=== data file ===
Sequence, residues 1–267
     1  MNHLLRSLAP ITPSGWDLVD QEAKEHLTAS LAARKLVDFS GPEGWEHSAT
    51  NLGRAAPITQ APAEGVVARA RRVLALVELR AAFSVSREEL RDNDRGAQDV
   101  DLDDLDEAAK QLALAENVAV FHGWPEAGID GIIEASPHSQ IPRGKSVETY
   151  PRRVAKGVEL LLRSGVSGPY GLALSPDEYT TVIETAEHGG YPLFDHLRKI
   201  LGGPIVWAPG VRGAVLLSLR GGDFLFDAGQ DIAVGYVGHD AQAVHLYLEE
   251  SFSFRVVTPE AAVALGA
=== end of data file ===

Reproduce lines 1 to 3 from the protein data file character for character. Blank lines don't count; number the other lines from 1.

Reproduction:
Sequence, residues 1–267
     1  MNHLLRSLAP ITPSGWDLVD QEAKEHLTAS LAARKLVDFS GPEGWEHSAT
    51  NLGRAAPITQ APAEGVVARA RRVLALVELR AAFSVSREEL RDNDRGAQDV